During the recent trip to Scotland, a senior club member stated "No f****r reads the newsletters". Although possibly over-refreshed at the time, what the individual said could be true. Coincidently one of the newsletter's regular correspondents expresses a similar view (see "Letters to the Editor"). Perhaps the one person happy with the current arrangement is my lady wife who counts, as a positive benefit, the days I spend in my office producing the LMC organ.
If nothing else, doing the Newsletter Editor's job gives you some insight into what's happening in the LMC. Ice climbing in Norway, rock climbing in Morocco, a superbly well attended meet in Scotland , the stunning success of Progression to Rock series perhaps suggests that that the club is moving in the right direction. Doubtless you will have your own opinions.
Members may or may not know that the BMC proposes to raise the annual fee that it levies on affiliated club members by £1.50 in 2015. Is the increase justified? Why should an apparently cash rich organisation like the BMC need to mug its members? On the other hand it can be argued that the LMC benefits massively by the relationship. The £50k we obtained from Sport England for the development of Cae Ysgubor would not have been forthcoming without affiliation to the BMC and their advice and encouragement. Do you think that, in times of austerity, the BMC should show restraint or are you relaxed about their proposed "smash and grab". Please let me know what you think?
Please send info to the Newsletter Editor, Roger Finn firstname.lastname@example.org (tel: 01600 773203)
A full programme of mid-week outdoor meets is planned for the spring and summer. The April programme is as follows:
If you want to come along then please contact Jon Banks - 07790 484358
Emelia Autumn Toon
Yes, she is here, the latest LMC glamour girl. Weighing in at 7lb 10 ozs, Emelia Autumn Toon duly arrived at lunch-time on the 12th February. Huge congratulations to proud mum and dad, Kate and David. It is good to see that some members of the club are taking the need for new members seriously.
Frank, with his wife Barbara,
at an LMC dinner
Many members of the LMC will remember Frank Williams who sadly passed away just before Christmas. Frank was a keen member when I first joined in the 1980's and our first meeting was on one of Arthur Hasall's legendary 'gentlemen's weekends' at Blea Tarn. Frank was a very lively character and always keen to mentor new members. As a plumber by trade he did sterling work in the roles of hut warden at Beddgelert and Blea Tarn, indeed I inherited the wardenship of Beddgelert on Frank's 'persuasion'. He inspired me with his 'strong arm' climbing style and confidence and we enjoyed many a great day on the crags of the Lakes, Derbyshire and Wales not to mention the many superb evenings spent climbing in the Lancashire quarries. My diary records many adventurous weekends wih Frank, this example being just one:
Frank's stag weekend at Beddgelert: Travelled down in John's van with Frank, Steve and John stopping in Ruthin for a pint just before closing time and we ended up joining the pub landlord for a later drink in the disco next door to the pub. Finally arrived at Beddgelert at 3:30am after a very good night out! Norman and Linda already in residence, Dennis arrived early on Saturday morning but we all had a slow start eventually making Tremadog and climbing Christmas Curry (HS), The Scratch (VS) and Poor Man's Putery (HS) suitably followed by a celebration pint on the way back to the hut. After a good meal we all walked down to the Prince Llewellyn for a few drinks and then retired to the hut for a night cap of Frank's home brewed wine (the famous 'Foggy Brew'). It rained hard on the Sunday and as might be expected after a session on the home brew we all had a slow start for home.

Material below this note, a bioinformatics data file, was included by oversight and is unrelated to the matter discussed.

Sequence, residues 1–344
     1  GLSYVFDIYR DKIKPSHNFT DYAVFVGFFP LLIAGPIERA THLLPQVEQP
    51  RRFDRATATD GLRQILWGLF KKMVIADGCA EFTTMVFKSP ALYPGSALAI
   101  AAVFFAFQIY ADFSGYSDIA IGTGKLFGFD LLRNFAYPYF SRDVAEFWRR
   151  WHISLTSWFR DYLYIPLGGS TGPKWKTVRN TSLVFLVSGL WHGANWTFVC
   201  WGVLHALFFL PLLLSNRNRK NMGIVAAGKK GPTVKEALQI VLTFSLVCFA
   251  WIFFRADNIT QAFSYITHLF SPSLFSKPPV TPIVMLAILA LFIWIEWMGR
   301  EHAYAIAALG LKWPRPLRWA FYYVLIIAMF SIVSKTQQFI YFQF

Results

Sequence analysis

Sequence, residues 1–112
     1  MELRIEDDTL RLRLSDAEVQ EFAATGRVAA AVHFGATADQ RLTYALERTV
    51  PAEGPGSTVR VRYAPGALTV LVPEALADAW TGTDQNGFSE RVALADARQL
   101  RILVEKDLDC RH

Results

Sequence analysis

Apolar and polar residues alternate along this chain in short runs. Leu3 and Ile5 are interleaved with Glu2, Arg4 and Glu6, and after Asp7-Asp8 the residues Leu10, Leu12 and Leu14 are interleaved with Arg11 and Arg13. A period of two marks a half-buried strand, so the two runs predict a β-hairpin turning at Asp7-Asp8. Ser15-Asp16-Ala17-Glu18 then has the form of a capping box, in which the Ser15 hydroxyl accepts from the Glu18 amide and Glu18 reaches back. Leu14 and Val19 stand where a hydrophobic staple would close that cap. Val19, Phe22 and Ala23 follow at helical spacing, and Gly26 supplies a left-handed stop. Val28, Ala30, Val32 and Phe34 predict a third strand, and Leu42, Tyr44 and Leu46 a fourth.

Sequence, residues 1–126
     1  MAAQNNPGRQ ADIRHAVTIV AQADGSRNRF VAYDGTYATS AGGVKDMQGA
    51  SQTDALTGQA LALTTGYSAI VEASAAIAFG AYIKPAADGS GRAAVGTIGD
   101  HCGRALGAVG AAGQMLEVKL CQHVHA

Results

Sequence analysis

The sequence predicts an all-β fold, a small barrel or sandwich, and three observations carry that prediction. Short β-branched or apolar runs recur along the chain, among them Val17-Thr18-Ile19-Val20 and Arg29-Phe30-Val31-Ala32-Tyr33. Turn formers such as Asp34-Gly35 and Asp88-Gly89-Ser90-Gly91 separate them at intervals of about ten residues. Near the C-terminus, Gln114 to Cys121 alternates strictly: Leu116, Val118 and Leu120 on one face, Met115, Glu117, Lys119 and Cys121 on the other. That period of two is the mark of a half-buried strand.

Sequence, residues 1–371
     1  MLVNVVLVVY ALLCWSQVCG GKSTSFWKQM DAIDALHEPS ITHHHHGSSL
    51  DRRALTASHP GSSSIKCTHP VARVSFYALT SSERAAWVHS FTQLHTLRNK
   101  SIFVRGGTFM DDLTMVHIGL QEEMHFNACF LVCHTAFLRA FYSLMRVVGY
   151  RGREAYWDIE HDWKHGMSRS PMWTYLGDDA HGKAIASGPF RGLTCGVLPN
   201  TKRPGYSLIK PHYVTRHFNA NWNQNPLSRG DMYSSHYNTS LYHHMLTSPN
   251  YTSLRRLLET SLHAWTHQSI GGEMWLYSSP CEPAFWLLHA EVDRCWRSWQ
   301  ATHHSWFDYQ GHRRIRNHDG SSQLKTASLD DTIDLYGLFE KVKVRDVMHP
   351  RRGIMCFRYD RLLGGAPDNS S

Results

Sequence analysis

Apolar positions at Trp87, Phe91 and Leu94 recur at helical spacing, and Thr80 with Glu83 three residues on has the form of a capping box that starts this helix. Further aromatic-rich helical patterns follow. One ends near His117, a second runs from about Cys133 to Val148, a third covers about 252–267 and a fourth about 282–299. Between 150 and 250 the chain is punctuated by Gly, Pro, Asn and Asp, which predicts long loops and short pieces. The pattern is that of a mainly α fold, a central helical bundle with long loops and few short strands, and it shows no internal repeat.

Following his marriage Frank went to the dogs, that is his new wife Barbara was a judge on the dog show circuit and he became heavily involved. He eventually retired from climbing a few years after. Sadly Barbara died several years ago and Frank then took up his old love of motor biking and became a keen member of a biking group until illness demanded more and more of his fighting spirit. I'm assured that Frank's party and pleasure philosophy remained with him until the end.
As an ageing member of the club I feel I must protest at what I see as the increasingly ageist attitude of the committee. It used to be enough to have an interest in mountains but now one has to be a technical expert to keep up with events. A dropbox used to be the old loo at Beddgellert & twitter was the sound of birds in the morning. Paying subs was always painful but achievable with effort. I have recently had great difficulty in persuading the club to take my money! Gone are the days of sitting round the fire (or stove) reading of the exploits of one's mates in the latest journal. That article is always one click too many away and so remains unread. There was a time when arrangements made were arrangements kept but in this age of instant communication late cancellation has become the norm, even if the meets card has arrived by post.